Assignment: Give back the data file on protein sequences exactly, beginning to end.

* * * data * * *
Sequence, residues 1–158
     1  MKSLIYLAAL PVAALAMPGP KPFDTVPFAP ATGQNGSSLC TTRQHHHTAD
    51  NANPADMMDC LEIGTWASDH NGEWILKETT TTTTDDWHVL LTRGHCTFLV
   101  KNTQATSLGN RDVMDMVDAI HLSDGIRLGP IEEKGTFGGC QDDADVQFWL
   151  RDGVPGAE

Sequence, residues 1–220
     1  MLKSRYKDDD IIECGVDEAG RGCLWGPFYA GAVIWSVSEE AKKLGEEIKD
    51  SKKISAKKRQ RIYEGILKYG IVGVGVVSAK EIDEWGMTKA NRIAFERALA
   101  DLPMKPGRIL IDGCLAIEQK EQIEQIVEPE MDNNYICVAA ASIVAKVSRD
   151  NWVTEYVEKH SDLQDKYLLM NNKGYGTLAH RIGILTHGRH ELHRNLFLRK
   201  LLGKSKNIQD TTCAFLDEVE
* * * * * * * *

Sequence, residues 1–158
     1  MKSLIYLAAL PVAALAMPGP KPFDTVPFAP ATGQNGSSLC TTRQHHHTAD
    51  NANPADMMDC LEIGTWASDH NGEWILKETT TTTTDDWHVL LTRGHCTFLV
   101  KNTQATSLGN RDVMDMVDAI HLSDGIRLGP IEEKGTFGGC QDDADVQFWL
   151  RDGVPGAE

Sequence, residues 1–220
     1  MLKSRYKDDD IIECGVDEAG RGCLWGPFYA GAVIWSVSEE AKKLGEEIKD
    51  SKKISAKKRQ RIYEGILKYG IVGVGVVSAK EIDEWGMTKA NRIAFERALA
   101  DLPMKPGRIL IDGCLAIEQK EQIEQIVEPE MDNNYICVAA ASIVAKVSRD
   151  NWVTEYVEKH SDLQDKYLLM NNKGYGTLAH RIGILTHGRH ELHRNLFLRK
   201  LLGKSKNIQD TTCAFLDEVE